This house was built in 2015, so it's not like it's that old or anything. Honestly, this is the only real issue I have run across. There is GFI protection on this circuit and the other one that serves the small kitchen. I feel lucky in that regard.

    @Bubba Jr. I don't know his name, but we can just pretend it's the same guy if it makes you feel better. :)

    Some will die in hot pursuit
    And fiery auto crashes
    Some will die in hot pursuit
    While sifting through my ashes
    Some will fall in love with life
    And drink it from a fountain
    That is pouring like an avalanche
    Coming down the mountain
  • KenK/84BravoKenK/84Bravo Member Posts: 12,055 ✭✭✭✭
    edited December 2023

    Glad you caught it, Randy.

    I've seen so many things done at/to my house, I'm not incredibly surprised anymore.

    I am looking forward to addressing some issues this coming Spring.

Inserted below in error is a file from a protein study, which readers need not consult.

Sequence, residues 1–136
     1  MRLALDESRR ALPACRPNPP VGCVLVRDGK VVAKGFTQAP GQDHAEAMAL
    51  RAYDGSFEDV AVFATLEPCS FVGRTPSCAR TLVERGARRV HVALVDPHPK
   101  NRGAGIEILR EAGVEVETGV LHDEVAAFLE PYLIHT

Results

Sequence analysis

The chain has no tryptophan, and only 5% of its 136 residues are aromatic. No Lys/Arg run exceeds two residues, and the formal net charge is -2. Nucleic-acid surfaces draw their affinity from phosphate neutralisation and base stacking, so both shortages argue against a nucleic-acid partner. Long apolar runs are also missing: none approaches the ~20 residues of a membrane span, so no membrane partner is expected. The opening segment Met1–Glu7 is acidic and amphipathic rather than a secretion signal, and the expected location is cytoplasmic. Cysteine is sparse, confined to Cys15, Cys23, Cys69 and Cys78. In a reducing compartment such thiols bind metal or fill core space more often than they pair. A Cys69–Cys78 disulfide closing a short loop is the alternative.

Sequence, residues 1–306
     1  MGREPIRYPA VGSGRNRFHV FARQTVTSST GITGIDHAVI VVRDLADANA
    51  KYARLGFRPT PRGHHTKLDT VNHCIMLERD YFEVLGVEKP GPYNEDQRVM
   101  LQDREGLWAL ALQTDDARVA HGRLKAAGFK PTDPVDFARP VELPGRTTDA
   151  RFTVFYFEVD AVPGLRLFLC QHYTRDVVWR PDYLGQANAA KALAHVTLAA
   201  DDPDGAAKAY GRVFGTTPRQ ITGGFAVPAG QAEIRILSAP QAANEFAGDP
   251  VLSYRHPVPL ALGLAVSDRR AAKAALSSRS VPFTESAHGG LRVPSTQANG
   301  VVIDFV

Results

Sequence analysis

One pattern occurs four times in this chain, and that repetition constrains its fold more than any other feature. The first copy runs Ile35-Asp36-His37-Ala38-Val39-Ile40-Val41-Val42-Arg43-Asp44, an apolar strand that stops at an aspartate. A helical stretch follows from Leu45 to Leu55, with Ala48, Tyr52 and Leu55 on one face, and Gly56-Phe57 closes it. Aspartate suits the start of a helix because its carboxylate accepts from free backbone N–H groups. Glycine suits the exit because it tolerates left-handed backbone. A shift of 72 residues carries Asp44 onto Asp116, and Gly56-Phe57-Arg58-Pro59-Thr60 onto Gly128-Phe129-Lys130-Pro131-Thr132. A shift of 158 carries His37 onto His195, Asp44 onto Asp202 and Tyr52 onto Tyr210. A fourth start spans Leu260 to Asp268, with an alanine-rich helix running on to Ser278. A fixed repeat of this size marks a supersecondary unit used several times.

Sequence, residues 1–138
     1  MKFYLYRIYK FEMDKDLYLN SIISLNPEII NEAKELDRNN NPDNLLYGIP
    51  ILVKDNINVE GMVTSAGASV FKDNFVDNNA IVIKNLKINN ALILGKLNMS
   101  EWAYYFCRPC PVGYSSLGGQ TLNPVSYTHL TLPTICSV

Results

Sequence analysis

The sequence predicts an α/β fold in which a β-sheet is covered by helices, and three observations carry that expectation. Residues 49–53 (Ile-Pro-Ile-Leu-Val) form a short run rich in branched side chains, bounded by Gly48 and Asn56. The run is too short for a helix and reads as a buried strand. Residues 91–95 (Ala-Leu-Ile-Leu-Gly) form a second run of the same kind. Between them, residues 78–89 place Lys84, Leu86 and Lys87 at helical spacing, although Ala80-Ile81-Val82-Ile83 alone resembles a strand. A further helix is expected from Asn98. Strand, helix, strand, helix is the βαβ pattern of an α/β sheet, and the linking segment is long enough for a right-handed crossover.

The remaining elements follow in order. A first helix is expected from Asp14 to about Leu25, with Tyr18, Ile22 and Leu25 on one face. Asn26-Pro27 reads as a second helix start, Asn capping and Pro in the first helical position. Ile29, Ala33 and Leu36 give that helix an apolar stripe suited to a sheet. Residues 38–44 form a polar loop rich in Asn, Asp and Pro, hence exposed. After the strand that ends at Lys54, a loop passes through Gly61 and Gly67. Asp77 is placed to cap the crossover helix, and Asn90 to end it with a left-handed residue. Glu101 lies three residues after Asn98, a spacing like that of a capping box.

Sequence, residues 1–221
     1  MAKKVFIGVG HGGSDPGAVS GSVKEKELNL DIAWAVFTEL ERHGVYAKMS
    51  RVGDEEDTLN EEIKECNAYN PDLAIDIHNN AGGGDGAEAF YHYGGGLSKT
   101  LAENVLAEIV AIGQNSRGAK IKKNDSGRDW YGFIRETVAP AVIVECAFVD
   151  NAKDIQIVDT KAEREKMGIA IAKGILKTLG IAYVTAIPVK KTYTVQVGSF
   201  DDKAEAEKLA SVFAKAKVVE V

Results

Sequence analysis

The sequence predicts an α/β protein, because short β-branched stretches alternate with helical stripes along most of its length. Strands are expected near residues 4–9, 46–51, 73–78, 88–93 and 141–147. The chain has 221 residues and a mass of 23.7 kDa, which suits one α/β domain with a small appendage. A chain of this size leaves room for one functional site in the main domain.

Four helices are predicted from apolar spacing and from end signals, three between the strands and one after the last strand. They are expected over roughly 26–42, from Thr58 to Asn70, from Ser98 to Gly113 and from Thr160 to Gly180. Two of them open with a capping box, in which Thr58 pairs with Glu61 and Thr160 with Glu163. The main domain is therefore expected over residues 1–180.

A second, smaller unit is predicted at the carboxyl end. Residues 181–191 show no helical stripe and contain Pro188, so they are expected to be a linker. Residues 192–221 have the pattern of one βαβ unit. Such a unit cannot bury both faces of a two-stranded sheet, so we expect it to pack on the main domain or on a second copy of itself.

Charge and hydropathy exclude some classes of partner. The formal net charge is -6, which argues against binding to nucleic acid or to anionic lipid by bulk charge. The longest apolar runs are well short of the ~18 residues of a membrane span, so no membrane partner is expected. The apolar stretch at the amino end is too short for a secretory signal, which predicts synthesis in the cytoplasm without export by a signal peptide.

*My place was built in 1972, as a "Summer Getaway," for people who lived on the Coast, from what I can ascertain.

  • toad67toad67 Member Posts: 13,019 ✭✭✭✭

    Agree, a fuse box in a crawl space, unbelievable, maybe their spool of wire from the pole ran short.....

  • Mr. PerfectMr. Perfect Member, Moderator Posts: 66,159 ******
    edited December 2023

    I caught it because I had installed some roof ice melt heaters and plugged them into the outside receptacle. Any time we ran the microwave when the heaters were on it was tripping the breaker. Initially, I thought it was because the microwave was dying a slow death. I went into the panel to see if I could upgrade the 15 amp breaker (thinking that might be one, easy solution) and no dice, since the circuit uses 14 AWG. I then tried to figure out what all was on that circuit and couldn't believe what they had lumped together. I am going to have to run a new electrical line in my attic. I just had additional insulation blown in all my attic space including above the attached garage where my panel is, so I am not super excited about being up there to do that, but it is what it is, I guess. I am not going to live with this. And knowing that I can do it myself makes me too cheap to hire it out.

    Some will die in hot pursuit
    And fiery auto crashes
    Some will die in hot pursuit
    While sifting through my ashes
    Some will fall in love with life
    And drink it from a fountain
    That is pouring like an avalanche